Brian Groder Trio – R Train on the D Line (2016)


Note: song performed above does not appear on this album.

The logical sequel to 2014’s Reflexology, Brian Groder has another go at it with his supercharged trio for R Train on the D Line (Latham Records). The trumpeter, flugelhorn master and composer continues to explore the wide-open opportunities presented in a skinny combo that once again adds only Jay Rosen (drums) and Michael Bisio (bass). Having working together for several years now pays off nicely for their follow up disc.

Throughout eight often concise tracks, Groder blurs the lines between in and out with tunes that exhibit cannily structured turmoil. As with that prior trio outing Groder charts the paths while allowing everyone — himself included — to drive down these paths in their own way, as long as they do so in concert with each other. It’s that last part that more than anything makes R Train flourish.

“Quanta” tests the mettle of the rhythm section with the tempo going on a roller-coaster ride where Groder rides the journey with unforced ease and a faultless tone. You can hear similar progressive action happening on “Asterix,” which is likewise rooted in tradition as it reaches out toward freedom. Groder leads a fairly short ballad “Isolating The Way,” portraying a somber mood with introverted lines and an assist from Bisio’s sympathetic bowed bass. Groder, Bisio and Rosen swing closely together on “Praxis,” showing a heightened level of symmetry and mutual anticipation that comes with those years of operating as a unit.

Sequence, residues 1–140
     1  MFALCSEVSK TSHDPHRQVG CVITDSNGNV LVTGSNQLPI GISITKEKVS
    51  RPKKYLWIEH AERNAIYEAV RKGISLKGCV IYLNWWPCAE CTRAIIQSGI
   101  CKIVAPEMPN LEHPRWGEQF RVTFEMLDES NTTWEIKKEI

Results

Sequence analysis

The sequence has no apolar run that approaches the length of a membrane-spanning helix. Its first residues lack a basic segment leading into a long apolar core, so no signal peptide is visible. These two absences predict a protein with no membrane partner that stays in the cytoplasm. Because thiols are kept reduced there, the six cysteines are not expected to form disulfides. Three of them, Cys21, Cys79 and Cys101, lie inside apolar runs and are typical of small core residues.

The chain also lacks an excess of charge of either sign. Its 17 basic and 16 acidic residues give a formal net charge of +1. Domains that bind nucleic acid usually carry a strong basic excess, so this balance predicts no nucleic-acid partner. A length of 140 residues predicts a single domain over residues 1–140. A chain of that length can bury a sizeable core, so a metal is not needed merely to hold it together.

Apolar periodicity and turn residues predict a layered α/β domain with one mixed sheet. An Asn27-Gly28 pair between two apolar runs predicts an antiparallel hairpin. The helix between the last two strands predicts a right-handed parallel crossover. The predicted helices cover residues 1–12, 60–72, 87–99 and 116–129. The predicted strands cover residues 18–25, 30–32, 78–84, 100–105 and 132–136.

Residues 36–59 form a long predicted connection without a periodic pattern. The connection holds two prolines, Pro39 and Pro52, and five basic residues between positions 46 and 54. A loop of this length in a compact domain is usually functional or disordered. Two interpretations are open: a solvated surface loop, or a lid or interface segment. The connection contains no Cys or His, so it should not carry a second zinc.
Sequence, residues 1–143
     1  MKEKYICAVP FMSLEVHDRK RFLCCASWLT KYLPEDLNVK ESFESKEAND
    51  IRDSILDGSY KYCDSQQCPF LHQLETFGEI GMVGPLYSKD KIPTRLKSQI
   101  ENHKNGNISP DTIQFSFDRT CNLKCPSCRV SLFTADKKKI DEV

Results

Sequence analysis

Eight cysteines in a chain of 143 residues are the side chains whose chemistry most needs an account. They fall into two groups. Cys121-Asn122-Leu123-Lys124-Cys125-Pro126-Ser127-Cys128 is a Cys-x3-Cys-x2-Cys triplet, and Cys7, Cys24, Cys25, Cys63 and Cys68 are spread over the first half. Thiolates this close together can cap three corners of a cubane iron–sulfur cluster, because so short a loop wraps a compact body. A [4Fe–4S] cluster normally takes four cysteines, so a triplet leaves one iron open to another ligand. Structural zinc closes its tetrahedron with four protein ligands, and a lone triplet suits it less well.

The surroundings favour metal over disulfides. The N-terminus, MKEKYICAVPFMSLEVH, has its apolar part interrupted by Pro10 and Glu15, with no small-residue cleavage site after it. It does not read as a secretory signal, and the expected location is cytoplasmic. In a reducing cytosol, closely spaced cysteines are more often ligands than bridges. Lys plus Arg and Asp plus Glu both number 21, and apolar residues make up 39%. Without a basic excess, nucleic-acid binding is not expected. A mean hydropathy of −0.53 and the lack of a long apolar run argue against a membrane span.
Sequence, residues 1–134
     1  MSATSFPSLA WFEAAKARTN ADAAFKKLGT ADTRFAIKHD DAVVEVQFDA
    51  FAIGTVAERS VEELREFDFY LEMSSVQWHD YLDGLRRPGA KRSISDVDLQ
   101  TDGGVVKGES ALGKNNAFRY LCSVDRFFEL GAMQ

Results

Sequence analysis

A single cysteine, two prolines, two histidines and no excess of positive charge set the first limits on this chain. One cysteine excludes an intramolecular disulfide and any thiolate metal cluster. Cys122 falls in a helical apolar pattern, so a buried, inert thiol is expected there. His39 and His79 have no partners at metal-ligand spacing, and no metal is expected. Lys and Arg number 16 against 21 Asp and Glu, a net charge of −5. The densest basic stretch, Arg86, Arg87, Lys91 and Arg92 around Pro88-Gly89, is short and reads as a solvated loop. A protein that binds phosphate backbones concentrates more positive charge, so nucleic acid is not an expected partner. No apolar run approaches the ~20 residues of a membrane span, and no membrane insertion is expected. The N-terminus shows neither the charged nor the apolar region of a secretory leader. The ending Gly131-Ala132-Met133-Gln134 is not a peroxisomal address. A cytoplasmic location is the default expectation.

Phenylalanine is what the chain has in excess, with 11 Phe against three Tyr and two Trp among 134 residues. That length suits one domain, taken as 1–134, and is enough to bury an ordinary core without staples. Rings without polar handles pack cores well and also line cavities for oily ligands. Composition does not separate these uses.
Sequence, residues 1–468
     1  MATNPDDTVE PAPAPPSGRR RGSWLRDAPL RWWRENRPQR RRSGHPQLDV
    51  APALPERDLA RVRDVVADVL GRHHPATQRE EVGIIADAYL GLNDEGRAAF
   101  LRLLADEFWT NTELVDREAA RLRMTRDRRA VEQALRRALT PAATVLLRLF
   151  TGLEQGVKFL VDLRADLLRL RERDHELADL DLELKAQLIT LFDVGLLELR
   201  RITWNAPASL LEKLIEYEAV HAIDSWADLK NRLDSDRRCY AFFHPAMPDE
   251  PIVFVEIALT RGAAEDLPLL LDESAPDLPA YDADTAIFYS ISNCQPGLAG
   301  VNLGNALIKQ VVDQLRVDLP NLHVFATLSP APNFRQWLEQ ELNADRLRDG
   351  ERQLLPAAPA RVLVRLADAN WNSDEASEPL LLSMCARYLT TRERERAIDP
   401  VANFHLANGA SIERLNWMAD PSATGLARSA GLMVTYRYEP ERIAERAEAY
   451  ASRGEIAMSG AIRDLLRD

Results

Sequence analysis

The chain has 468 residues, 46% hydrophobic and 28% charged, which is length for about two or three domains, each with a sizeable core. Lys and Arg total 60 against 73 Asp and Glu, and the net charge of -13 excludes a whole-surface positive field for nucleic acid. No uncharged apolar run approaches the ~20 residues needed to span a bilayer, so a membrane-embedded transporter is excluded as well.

Bisio highlights “Retooled Logic” with an extended display on bowed bass, able to get inside and saw away at Groder’s esoteric harmony within the setting of a solo performance. “Dreaming In To Pull Away” is Rosen’s opportunity to shine apart from the rest, and he embarks on his showcase by drawing out unusual timbres from his cymbals, and then carefully builds the tension that springs the melody into action.

Dynamic compositions are carried out by some of the brightest, telepathic musicians in the avant jazz world. Brian Groder has a trio of which people should stand up and take notice, and R Train on the D Line is another good reason to pay attention to them.


S. Victor Aaron

S. Victor Aaron

S. Victor Aaron is an SQL demon for a Fortune 100 company by day, music opinion-maker at night. His musings are strewn out across the interwebs on jazz.com, AllAboutJazz.com, a football discussion board and some inchoate customer reviews of records from the late 1990s on Amazon under a pseudonym that will never be revealed. E-mail him at svaaron@somethingelsereviews .com or follow him on Twitter at https://twitter.com/SVictorAaron
S. Victor Aaron